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Photo: Chip Somodevilla/Getty Images

Attorney General William Barr told the AP on Friday that he is "vehemently opposed" to pardoning Edward Snowden.

Why it matters: Barr's comments come just days after President Trump said he would "look at" pardoning Snowden, who was charged under the Espionage Act in 2013 for leaking highly classified information on government surveillance programs.

  • It remains unclear how serious Trump was about considering a pardon for the former NSA contractor. Ultimately, the power to issue a pardon or commutation for Snowden would lie with Trump.
  • Prior to his election, Trump called Snowden a "traitor" and a "spy who should be executed."

What he's saying: Barr called Snowden, who is living in exile in Russia, a "traitor" and said "the information he provided our adversaries greatly hurt the safety of the American people."

  • "He was peddling it around like a commercial merchant. We can’t tolerate that."

The big picture: Several top Republicans have also warned Trump against pardoning Snowden.

The other side: Snowden maintains that in working for the NSA and CIA, he concluded that the U.S. intelligence community had "hacked the Constitution."

  • He told "Axios on HBO" last year that "it was a difficult thing to come forward."
  • He added that he gave up a well-paying government job "spying on you" to never return home to see his family.

Go deeper

Ex-DHS official says Trump offered pardons to immigration officials who broke the law

Miles Taylor, the former chief of staff of the Department of Homeland Security, claimed in a political ad released Tuesday that President Trump offered to "pardon U.S. government officials for breaking the law to implement his immigration policies."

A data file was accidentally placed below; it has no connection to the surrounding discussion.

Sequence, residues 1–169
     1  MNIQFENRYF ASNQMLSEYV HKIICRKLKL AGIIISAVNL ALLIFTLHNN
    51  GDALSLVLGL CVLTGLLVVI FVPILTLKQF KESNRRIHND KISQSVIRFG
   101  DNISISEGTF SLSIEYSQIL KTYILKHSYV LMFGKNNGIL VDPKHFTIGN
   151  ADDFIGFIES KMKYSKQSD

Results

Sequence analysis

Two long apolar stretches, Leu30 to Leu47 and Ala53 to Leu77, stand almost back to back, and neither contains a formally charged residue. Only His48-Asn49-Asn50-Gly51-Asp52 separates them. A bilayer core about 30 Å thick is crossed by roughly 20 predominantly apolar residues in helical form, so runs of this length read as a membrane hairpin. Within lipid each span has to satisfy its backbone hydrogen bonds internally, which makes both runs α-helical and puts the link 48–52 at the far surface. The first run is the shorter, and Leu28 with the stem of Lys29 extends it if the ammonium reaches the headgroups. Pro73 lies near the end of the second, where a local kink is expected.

Why it matters: Taylor, who quit the Trump administration in 2019 and endorsed Joe Biden last week, is one of a number of Republicans seeking to stop the president's re-election. Trump denied that he offered pardons to immigration officials when the allegations were first reported by the Washington Post and New York Times in August 2019.

Mike Allen, author of AM
4 hours ago - Politics & Policy

Biden adviser Cedric Richmond sees first-term progress on reparations

Illustration: "Axios on HBO"

White House senior adviser Cedric Richmond told "Axios on HBO" that it's "doable" for President Biden to make first-term progress on breaking down barriers for people of color, while Congress studies reparations for slavery.

Why it matters: Biden said on the campaign trail that he supports creation of a commission to study and develop proposals for reparations — direct payments for African-Americans.

Cyber CEO: Next war will hit regular Americans online

Any future real-world conflict between the United States and an adversary like China or Russia will have direct impacts on regular Americans because of the risk of cyber attack, Kevin Mandia, CEO of cybersecurity company FireEye, tells "Axios on HBO."

What they're saying: "The next conflict where the gloves come off in cyber, the American citizen will be dragged into it, whether they want to be or not. Period."